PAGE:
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Soil Tech Note 15A- Cation Exchange Capacity

Cation Exchange Capacity

PROBLEM: “I am paying more attention to my soil tests now and see a change in something called “CEC”. What is that and why do I care?”



  • Relatively stable test scores for this item and then a relatively sudden increase in this value is a good soil health thing!
  • CEC or “Cation Exchange Capacity” of the soil is a general indicator of productivity potential for a soil.
  • Tiny almost “magnetic-like” negatively charged sites are located on clay particles and within stable organic matter in the top part of the soil. These sites attract and hold the positively charged ions that are important for plant growth, i.e. K, Ca, NH4, Mg, Fe, Mn, Cu, and Zn. These sites collectively are considered to be the Cation Exchange Capacity.
  • Negatively charged particles, such as NO3, are repelled and enter the soil water.
  • Typical range of CEC in darker colored soils is 15 to 25 milli-equivalents/100 g soil.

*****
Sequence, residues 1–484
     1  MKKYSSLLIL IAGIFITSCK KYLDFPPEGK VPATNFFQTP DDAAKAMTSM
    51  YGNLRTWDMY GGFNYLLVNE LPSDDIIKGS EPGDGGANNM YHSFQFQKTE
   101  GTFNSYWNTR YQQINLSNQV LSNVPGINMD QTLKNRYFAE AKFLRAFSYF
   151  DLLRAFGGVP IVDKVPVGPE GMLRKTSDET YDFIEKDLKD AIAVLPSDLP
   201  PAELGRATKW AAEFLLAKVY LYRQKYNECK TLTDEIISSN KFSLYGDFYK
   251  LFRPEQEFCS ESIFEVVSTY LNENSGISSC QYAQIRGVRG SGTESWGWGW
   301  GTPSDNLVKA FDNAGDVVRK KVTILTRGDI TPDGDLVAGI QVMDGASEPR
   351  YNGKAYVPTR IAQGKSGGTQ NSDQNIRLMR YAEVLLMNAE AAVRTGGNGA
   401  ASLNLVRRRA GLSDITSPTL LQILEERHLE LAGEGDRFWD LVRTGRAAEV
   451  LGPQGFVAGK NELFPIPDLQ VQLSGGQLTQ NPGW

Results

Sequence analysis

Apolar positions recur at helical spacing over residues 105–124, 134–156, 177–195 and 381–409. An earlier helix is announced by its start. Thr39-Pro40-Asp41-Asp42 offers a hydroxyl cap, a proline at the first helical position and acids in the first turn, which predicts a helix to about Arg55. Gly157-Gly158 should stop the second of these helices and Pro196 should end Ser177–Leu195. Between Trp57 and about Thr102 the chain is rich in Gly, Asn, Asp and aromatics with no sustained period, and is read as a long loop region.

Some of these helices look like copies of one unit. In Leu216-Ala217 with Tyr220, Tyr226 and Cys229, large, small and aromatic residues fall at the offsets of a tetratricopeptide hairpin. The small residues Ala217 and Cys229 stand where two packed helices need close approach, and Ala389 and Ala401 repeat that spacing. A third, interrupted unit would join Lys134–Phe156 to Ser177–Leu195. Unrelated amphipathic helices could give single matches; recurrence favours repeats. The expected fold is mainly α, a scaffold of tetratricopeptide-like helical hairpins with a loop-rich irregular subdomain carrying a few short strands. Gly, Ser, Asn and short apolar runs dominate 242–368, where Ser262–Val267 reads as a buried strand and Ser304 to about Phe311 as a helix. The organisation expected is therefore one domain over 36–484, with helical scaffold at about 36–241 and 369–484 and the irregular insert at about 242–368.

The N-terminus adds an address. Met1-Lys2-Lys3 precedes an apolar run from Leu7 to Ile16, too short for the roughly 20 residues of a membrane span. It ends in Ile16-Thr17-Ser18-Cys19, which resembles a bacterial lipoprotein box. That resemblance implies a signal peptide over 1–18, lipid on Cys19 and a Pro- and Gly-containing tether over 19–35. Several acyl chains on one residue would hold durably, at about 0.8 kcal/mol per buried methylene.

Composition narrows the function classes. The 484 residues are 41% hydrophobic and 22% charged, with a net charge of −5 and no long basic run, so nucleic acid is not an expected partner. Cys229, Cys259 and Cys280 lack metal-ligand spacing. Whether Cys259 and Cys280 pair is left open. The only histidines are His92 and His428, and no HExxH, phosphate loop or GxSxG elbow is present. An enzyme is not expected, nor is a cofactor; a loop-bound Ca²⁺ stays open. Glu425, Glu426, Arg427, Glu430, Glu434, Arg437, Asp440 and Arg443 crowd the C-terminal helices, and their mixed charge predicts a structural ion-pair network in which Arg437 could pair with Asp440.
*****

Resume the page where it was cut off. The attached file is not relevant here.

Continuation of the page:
• CEC only comes from organic matter or clay. Clay content will not increase in a soil so only one solution is increasing usable organic matter.
  • An increase in CEC points is generally always due to change in the content of organic matter fraction or in the quantity of organic matter.
  • To get this increase, cover crops are most always the reason the tests improve. Point to keep in mind is that this increase is due to the Active Fraction of OM. This fraction is consumed by microbes and in a relatively short time of 1-3 years it will be gone. It must be constantly added to keep the CEC high.
  • Adding organic matter on a continuing basis is needed.
  • Use no tillage or minimum tillage to retain the organic matter you have. Also need to reduce or eliminate any compaction in top 12 inches so that air and water can move freely throughout which is needed for the aerobic microbes to function.